The oldies were there because Allison Broadcast group may have been willing to take a risk, but it wasn't willing to take a big risk. Allison brought in Fred Jacobs, a radio consultant who was used to working with classic-rock stations. Gimarc remembers that Jacobs wasn't familiar with any of the bands on the playlist he and Naylor had made up, so he put some names on it that he was familiar with. Jacobs figured that if he didn't know who the bands were, no one else would either. But after four months, The Edge no longer needed the oldies to fall back on.

"At the time, there was no radio station that would even consider playing two records that were even vaguely new wave in the same hour, so the fact that we would play 10 of them in the same hour, and throw in an oldie -- no problem," Gimarc says. "It was so much killer stuff. But when that Chubby Checker record came along, Wendy and I would be like, 'Oh my God! Why are we playing this? We could be playing another really cool record there.'"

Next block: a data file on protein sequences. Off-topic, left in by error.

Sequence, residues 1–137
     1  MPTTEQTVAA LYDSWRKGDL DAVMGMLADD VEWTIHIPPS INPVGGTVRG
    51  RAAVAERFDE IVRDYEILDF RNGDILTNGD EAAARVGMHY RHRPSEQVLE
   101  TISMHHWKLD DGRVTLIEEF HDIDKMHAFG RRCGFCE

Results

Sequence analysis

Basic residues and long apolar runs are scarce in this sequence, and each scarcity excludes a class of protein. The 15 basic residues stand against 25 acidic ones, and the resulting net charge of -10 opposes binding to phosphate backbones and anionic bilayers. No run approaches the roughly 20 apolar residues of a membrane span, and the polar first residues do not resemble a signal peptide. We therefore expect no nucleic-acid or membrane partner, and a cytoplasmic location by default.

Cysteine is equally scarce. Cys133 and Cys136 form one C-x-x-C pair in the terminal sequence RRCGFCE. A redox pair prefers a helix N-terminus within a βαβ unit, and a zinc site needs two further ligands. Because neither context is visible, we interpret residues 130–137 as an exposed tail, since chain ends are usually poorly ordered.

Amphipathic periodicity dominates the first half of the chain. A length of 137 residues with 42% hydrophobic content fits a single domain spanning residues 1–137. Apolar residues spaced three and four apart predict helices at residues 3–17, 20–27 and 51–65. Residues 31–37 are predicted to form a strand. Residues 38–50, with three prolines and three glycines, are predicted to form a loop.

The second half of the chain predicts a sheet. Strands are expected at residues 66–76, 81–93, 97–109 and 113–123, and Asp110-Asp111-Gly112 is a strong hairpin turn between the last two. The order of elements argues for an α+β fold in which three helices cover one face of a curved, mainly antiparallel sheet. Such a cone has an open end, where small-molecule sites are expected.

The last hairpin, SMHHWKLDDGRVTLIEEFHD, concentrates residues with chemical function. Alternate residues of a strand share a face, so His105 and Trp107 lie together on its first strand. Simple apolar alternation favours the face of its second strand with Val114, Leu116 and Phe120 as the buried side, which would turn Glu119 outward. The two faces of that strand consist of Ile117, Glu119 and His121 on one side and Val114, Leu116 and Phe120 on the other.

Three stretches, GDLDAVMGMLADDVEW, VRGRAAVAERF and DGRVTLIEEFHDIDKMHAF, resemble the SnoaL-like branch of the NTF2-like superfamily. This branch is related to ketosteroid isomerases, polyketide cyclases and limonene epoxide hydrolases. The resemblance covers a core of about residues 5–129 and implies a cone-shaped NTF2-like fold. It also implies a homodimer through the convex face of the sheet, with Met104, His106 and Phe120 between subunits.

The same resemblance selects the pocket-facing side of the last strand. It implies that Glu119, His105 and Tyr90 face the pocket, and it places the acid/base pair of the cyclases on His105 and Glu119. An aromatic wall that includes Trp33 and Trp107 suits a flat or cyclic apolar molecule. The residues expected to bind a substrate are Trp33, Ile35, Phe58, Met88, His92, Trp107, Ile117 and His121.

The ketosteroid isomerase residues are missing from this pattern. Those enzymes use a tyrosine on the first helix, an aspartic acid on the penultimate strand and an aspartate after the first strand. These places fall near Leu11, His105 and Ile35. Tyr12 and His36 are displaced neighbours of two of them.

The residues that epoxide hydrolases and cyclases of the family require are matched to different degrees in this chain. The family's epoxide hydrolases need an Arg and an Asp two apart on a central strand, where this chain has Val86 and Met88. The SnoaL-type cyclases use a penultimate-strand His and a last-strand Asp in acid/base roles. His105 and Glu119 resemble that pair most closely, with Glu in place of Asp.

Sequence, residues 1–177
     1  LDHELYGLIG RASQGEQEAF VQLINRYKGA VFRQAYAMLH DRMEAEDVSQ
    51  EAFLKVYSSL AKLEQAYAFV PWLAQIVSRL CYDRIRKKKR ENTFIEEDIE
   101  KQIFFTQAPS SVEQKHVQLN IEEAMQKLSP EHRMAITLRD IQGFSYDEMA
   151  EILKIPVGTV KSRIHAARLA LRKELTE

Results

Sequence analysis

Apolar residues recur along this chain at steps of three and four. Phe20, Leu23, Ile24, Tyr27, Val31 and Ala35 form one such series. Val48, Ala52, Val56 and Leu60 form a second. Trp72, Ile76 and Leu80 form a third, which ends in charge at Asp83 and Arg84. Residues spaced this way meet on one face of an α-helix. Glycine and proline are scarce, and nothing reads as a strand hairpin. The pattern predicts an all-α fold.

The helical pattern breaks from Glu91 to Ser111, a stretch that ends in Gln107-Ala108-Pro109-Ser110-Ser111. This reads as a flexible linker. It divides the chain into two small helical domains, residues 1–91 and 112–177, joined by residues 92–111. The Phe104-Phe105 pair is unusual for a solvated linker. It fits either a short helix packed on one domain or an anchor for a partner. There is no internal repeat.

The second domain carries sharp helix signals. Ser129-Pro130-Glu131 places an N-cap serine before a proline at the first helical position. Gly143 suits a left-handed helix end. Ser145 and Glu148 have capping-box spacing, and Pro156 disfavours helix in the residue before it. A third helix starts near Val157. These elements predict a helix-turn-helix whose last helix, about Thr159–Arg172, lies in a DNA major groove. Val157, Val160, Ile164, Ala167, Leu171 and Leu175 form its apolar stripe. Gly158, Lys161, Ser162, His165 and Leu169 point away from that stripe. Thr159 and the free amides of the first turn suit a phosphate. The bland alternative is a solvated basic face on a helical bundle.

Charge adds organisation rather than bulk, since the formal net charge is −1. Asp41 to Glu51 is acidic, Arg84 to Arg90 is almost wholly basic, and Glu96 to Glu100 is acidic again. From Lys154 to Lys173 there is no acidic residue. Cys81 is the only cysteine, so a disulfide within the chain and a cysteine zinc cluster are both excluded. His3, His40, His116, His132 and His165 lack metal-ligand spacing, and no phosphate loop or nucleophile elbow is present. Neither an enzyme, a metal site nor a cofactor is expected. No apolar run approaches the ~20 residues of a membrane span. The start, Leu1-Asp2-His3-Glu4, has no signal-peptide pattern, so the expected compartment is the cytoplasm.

And for the first several years of its existence, The Edge was the station that was willing to play the bands that no one else had heard of. But by the time Gimarc was fired by then-programming director Joel Folger -- a man he describes as "one of the most unimaginative program directors I think I ever worked for" -- the marketplace had changed. Nirvana happened, and so did Pearl Jam. The station, for better or worse, had to change to keep up with the times. Gimarc doesn't necessarily agree with the changes, but he understands them.

"Well, it should change," Gimarc says. "The station should change with time, because that is the nature of the beast. When I was at the station, there was no act on our playlist that had a platinum record. There was no act on our playlist that could fill Starplex. We were thrilled when an act would come through and they were playing the Bronco Bowl." He laughs. "You kind of have to put things into context, as to where the state of the industry was when we went on the air."